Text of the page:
You can teach a student a lesson for a day; but if you can teach him to learn by creating curiosity, he will continue the learning process as long as he lives.
~Clay P. Bedford
Learning is a lifelong journey, and it should be an exciting one! Can you remember your favorite teacher? Tour guide? Facilitator? What made that experience so memorable? For me, it always comes down to relationships and connections. Passionate, engaging teachers tend to have passionate, engaged students. A master teacher does really make a difference.
With the help of a great teacher, mentor or coach, we can push ourselves that much farther and realize our full potential. It isn’t about competition with others; it’s about self-empowerment, self-motivation, curiosity, and a desire to achieve for one’s own gratification. A master teacher is invaluable at all stages of life.
- A student is struggling in a particular subject area and needs help to fill a learning gap or reinforce material. This work may include working with a Learning Specialist, Reading Specialist, or Math Specialist.
- A student is seeking additional challenge or wants to pursue a specific curiosity with an enrichment teacher or academic coach.
- A student needs help to optimize their approach with organizational and study skills, thus executive function coaching is needed.
Ultimately, the goal is to help students develop effective studying strategies that will lead to self-empowerment, improved confidence, and greater independence. Whether the focus is support or enrichment, tutoring may be short-term to jump start the process or long-term to provide more ongoing instruction.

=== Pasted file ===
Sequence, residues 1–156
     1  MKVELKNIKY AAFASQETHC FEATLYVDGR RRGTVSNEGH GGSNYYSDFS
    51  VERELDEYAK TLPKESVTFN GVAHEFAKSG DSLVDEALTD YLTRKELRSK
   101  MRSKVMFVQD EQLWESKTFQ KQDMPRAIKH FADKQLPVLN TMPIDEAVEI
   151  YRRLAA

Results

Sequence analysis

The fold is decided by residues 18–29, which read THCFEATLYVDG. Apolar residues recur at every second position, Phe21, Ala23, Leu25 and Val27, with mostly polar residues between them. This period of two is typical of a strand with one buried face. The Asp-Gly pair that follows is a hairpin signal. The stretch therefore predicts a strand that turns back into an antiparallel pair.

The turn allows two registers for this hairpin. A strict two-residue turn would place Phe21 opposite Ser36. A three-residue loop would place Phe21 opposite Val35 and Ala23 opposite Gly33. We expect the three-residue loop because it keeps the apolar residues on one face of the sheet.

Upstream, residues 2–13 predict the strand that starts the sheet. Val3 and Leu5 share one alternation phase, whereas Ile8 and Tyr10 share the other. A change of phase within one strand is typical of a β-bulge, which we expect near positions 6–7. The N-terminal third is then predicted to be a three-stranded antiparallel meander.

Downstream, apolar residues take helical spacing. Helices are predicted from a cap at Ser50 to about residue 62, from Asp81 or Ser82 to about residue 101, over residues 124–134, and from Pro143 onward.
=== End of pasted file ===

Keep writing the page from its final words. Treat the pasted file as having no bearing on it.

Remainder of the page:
In the case of short-term tutoring, students often need a teacher, mentor or coach to help them springboard into success. A common question is “How long does it take to create a habit?” There are varying opinions ranging from 21-66 days. But the bottom line is that consistency and practice are needed for any habit or behavior change to stick. This idea applies to tutoring as well. If a student needs support to develop organizational systems, study habits, or new behaviors, then tutoring may be a short-term engagement to help get on the right path and take off.
Tutoring may also be short-term if the learning goal is narrow. For example, a student may want to spend several sessions with a language tutor getting ready for an upcoming vacation, business trip or study abroad experience. Or a student may want to meet with a museum educator or historian to help bring a historical unit to life. Other students have sought out short-term support to prepare for a specific exam or to expedite progress in a particular area.
Longer term tutoring may begin as specific academic support but then evolve into broader academic coaching. Once the relationship is developed, our students often request that the tutor stay on as a resource for continued support, enrichment, motivation and structured practice. We’re so impressed with how much ownership our students assume. We have students as young as fifth and sixth graders that directly manage scheduling, send text messages when they have questions and prepare the agenda and work priorities for the upcoming session.
As a teacher, you can choose to be the “Guide on the Side” or the “Sage on Stage.” Both have their time and place, but more often than not we look to be the “Guide on the Side” because that means our students are equal partners in the process. As a classroom teacher, my colleagues and I used to say that an “A” has 3 points: 1) the student’s accountability, 2) the teacher’s accountability, and 3) the parent’s accountability. Another way of saying this is “my job, your job, our job.” When all 3 points are working together, a student’s achievement is unstoppable!Brad Hoffman, M.S.Ed.
Board Certified Educational Planner and Learning Specialist
My Learning Springboard, Inc.